Tenax provides some great advantages over testing for toxicity using live animals such as Hyalella, Lydy said. For one thing, a Tenax test, in which the beads are placed in a vial with the sediment and water sample and spun on a rotator before being chemically analyzed, can be completed for a few hundred dollars, whereas testing with live animals can take up to 28 days and cost $10,000 or more. Previous studies show the Tenax does a very good job accurately reflecting the chemical concentration in an animal based on its exposure in the water and sediments.
The team will look at the toxic parameters of pyrethroids and relate them to key phases of the animals’ lives, such as growth, ability to reproduce, as well as at what point it will becomes lethal to the animal, which in this case includes Hyalella, midges, bivalves and fish. They will also relate their Tenax concentrations to the USGS toxicity values and develop a new model comparing Tenax values to the toxicity values.
With samples from 70 sites to analyze efficiently with this method, Lydy is excited about what the effort may uncover.
Although many might associate insecticide pollution caused by overuse with heavy agriculture, Lydy said his experience does not support that idea.
“These chemicals are expensive, and after talking to many farmers I can tell you they try very hard to use no more than they absolutely need,” he said.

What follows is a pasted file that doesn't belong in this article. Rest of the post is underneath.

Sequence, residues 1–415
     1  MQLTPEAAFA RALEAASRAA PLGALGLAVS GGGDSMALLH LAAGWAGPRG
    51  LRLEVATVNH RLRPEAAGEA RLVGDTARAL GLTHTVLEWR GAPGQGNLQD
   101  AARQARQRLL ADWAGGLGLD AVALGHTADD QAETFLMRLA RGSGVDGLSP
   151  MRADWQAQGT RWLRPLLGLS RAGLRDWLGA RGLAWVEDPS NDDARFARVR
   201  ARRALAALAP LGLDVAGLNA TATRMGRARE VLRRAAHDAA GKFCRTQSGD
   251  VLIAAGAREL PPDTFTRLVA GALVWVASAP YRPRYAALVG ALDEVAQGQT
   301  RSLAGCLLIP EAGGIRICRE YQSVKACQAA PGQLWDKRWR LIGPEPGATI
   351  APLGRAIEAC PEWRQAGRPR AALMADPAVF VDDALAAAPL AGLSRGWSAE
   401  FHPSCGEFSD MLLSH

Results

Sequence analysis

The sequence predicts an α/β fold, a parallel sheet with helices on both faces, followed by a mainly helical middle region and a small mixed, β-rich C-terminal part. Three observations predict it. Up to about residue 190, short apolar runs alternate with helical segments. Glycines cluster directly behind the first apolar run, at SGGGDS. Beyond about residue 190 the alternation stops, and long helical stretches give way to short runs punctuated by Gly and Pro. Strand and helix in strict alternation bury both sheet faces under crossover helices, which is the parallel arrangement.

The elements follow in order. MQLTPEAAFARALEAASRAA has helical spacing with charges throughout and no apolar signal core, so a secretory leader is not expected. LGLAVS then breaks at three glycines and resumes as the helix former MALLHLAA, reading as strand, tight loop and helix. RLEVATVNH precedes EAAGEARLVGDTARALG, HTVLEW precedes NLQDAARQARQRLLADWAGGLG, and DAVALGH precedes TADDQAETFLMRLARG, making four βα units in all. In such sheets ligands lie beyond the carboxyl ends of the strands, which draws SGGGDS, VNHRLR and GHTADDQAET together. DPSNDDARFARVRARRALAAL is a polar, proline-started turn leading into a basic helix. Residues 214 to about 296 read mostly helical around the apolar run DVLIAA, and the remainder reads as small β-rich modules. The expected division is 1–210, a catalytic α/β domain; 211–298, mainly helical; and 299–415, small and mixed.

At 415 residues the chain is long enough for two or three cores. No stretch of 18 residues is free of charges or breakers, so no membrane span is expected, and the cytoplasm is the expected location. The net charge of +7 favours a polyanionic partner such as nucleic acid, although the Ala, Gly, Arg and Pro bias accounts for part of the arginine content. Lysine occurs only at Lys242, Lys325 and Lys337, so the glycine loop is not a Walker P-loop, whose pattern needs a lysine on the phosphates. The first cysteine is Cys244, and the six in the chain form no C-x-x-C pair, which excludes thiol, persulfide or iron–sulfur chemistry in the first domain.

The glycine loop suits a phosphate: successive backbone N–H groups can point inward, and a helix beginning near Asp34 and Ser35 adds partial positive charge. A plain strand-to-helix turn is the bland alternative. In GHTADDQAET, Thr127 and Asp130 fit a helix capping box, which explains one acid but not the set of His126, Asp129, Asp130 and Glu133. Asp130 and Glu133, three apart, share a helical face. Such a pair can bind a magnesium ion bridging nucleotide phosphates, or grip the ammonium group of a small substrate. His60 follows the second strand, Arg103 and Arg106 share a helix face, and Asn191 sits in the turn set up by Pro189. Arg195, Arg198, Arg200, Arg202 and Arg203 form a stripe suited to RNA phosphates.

Instead, much of the problem might be traced to urban use of such products that contain pyrethroids. The effects of just a few granules of a pyrethroid such as bifenthrin, a popular insecticide for domestic use, that hit the driveway or sidewalk instead of the lawn, and subsequently are washed into the storm sewer, can be devastating to wildlife.
“Bifenthrin is incredibly toxic and will kill half the Hyalella population in a water source at a concentration of just 1 part per trillion, which is like taking a few granules of fertilizer containing bifenthrin and throwing it in a water source bigger than an Olympic sized swimming pool,” Lydy said.
“So we’re going to look at the east coast and urban areas there to see if similar problems exist there,” he said. “We’re finding a lot of the issues are urban problems and not agricultural. An earlier study by the USGS looked at seven metro areas and found the No. 1 problem was pyrethroids killing things you don’t want it to kill, like arthropods. These are little animals that crawl around on top of the sediment and act as a food source for many species.”
Participants will begin taking samples next summer, continuing the sampling and analysis for the next three years.